Mystery of the Changing CASE WHEN Output and Data Type Precedence

I was working on a T-SQL query that had some very particular output requirements for decimal places. The problem seemed fairly easy, but when I tried to form a CASE WHEN statement that produced slightly different decimal lengths for each condition, the results were inconsistent. The reason wasn’t immediately apparent but involves SQL Data Type Precedence. I thought this would be a good blog post because it is something that anyone can unwittingly stumble into without realizing what the SQL query processor is really doing. It is also hard to discover what the solution to a problem is when you don’t know what you are looking for?

If number < 100 always display 3 decimals
If number >=100 and < 250 always display 2 decimals
If number > 250 always display 1 decimal

And decimals are truncated (not rounded) at the desired decimal place and must display desired number of places even if it is zero. I know this is something that should be handled by the presentation layer and not a SQL query, but that is a whole other blog post we won’t get into here.

317.0000 should display as 317.0
155.1023 should display as 155.10
90.1203 should display as 90.120

This seemed easy enough and was accomplished using a CTE to perform some initial math and then perform a CASE WHEN statement to format the numbers using a different decimal cast DECIMAL(12,3) or DECIMAL(12,2) or DECIMAL(12,1) to return the appropriate number of decimal positions. However, the CASE statement would always return 3 decimals for every output even though the WHEN statement logic was branching correctly.

The data warehouse person I was working on this requirement with provided a solution to this problem by wrapping each THEN statement with extremely long SUBSTRING and CHARINDEX functions to dissect both sides of the number and reconstruct it with strings and slapping a decimal in there. It did work, but needless to say it was very ugly and since the final code would return 5 million rows I knew their had to be a better solution.

I prepared a unit test to discover what was going on. What I found was that the exact CAST statement with the decimal CAST works fine when run by itself outside the CASE WHEN statement but the same CAST doesn’t seem to work within the CASE WHEN statement.

[code language=”sql” light=”true”]
declare @credits decimal(18,5);
set @credits = 317.004;
cast(floor(@credits *1000) /1000 as decimal(18,3)) as ‘3’,
cast(floor(@credits *100) /100 as decimal(18,2)) as ‘2’,
cast(floor(@credits *10) /10 as decimal(18,1)) as ‘1’,
when @credits < 100 then cast(floor(@credits * 1000) / 1000 as decimal(18,3))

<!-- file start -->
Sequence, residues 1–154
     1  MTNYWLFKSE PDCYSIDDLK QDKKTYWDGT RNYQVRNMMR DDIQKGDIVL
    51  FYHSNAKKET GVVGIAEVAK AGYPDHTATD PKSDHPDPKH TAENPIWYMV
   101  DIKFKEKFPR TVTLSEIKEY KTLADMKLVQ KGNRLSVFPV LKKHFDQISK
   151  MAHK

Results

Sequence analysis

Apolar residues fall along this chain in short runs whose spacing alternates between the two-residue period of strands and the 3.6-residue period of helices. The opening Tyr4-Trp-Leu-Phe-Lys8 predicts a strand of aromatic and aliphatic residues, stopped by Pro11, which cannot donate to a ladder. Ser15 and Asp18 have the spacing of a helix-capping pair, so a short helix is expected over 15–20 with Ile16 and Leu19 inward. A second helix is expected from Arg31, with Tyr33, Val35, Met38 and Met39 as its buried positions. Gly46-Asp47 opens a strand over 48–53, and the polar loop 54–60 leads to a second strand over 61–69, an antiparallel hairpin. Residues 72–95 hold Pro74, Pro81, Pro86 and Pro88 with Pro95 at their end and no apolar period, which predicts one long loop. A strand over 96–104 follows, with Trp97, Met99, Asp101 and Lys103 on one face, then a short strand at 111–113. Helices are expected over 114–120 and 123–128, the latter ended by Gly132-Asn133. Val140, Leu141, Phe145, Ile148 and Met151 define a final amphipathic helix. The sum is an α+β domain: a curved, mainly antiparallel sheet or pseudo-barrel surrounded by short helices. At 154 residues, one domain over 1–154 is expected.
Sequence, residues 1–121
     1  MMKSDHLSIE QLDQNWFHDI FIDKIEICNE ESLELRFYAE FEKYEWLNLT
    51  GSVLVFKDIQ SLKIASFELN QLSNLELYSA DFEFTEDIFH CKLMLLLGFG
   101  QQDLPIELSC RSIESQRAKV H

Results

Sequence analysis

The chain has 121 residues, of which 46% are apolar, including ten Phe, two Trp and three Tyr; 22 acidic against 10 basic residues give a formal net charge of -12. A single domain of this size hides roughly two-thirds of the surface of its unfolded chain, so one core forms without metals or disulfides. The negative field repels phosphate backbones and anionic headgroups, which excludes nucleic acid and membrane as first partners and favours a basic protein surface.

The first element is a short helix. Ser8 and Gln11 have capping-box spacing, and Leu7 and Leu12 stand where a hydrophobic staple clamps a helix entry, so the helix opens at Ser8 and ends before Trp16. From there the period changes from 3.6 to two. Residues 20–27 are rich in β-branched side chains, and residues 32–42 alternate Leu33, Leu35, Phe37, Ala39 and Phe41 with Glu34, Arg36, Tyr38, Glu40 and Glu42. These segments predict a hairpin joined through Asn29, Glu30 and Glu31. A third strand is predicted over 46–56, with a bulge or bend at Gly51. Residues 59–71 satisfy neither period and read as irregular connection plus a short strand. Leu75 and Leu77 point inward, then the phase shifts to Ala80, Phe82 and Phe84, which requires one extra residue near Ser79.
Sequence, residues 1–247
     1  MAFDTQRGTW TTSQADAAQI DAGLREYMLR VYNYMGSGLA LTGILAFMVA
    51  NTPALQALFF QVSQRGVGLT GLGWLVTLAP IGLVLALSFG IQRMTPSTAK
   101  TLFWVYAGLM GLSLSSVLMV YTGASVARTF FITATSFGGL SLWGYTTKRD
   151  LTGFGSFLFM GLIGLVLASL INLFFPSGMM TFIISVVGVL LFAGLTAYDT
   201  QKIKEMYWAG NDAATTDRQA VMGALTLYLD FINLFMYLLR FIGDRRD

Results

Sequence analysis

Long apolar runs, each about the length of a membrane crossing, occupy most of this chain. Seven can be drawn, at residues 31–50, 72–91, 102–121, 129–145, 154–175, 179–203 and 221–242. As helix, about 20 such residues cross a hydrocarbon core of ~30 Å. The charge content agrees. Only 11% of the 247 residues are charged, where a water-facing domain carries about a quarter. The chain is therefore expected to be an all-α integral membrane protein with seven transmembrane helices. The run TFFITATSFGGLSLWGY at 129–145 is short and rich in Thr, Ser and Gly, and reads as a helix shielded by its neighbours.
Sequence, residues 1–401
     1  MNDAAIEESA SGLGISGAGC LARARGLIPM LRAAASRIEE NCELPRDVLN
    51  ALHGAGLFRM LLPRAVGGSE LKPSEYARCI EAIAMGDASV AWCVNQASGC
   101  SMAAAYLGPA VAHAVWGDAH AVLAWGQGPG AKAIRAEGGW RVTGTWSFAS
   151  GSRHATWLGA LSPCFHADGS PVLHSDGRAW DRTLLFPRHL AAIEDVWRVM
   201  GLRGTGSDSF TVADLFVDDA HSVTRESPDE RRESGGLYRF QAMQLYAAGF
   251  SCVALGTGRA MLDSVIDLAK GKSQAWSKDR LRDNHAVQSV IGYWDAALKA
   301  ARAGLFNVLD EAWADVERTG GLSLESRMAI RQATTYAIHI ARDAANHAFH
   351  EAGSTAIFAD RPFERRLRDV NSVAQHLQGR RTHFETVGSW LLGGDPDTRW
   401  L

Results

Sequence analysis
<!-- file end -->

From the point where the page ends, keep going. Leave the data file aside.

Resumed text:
when @credits >= 100 and @credits < 250 then cast(floor(@credits * 100) / 100 as decimal(18,2))
when @credits >= 250 then cast(floor(@credits * 10) / 10 as decimal(18,1))
end as ‘CASE’,
when @credits < 100 then ‘<100’
when @credits >= 100 and @credits < 250 then ‘>=100 and < 250’
when @credits >= 250 then ‘>=250’
end as condition


The CASE column above should match the 1 decimal column output, but instead it has 3 decimals. Why did this happen? Why do the CAST statements alone produce the correct output but when run inside the CASE WHEN statement, they produce the wrong output. I started to think about how the query processor would look at this query. When it starts performing the CASE statement it says, I need to allocate some storage for the output from this CASE statement but I see 3 different types of decimal output, so I will pick the largest one to satisfy all possible outcomes.

Even though I wasn’t doing anything drastic like having the CASE statement return either a string or int, I believe I was still running into a problem of SQL Data Type Precedence. Which states: “When an operator combines two expressions of different data types, the rules for data type precedence specify that the data type with the lower precedence is converted to the data type with the higher precedence. If the conversion is not a supported implicit conversion, an error is returned. When both operand expressions have the same data type, the result of the operation has that data type.” Here are some more examples of this in action.

So, to solve this problem, I simply let the CASE statement know all output will be VARCHAR(20) and this allowed the decimal CAST statements to return their expected results. In the example below the credits already had the math performed in the CTE and this query handles the formatting requirements. Needless to say, this solution was a lot better than performing cumbersome string manipulations to format the numbers.

[code language=”sql” light=”true”]

when credits < 100 then cast(cast(credits as DECIMAL(12,3)) as VARCHAR (20))
when credits >= 100 and credits < 250 then cast(cast(credits as DECIMAL(12,2)) as VARCHAR(20))
when credits >=250 then cast(cast(credits as DECIMAL(12,1)) as VARCHAR(20))


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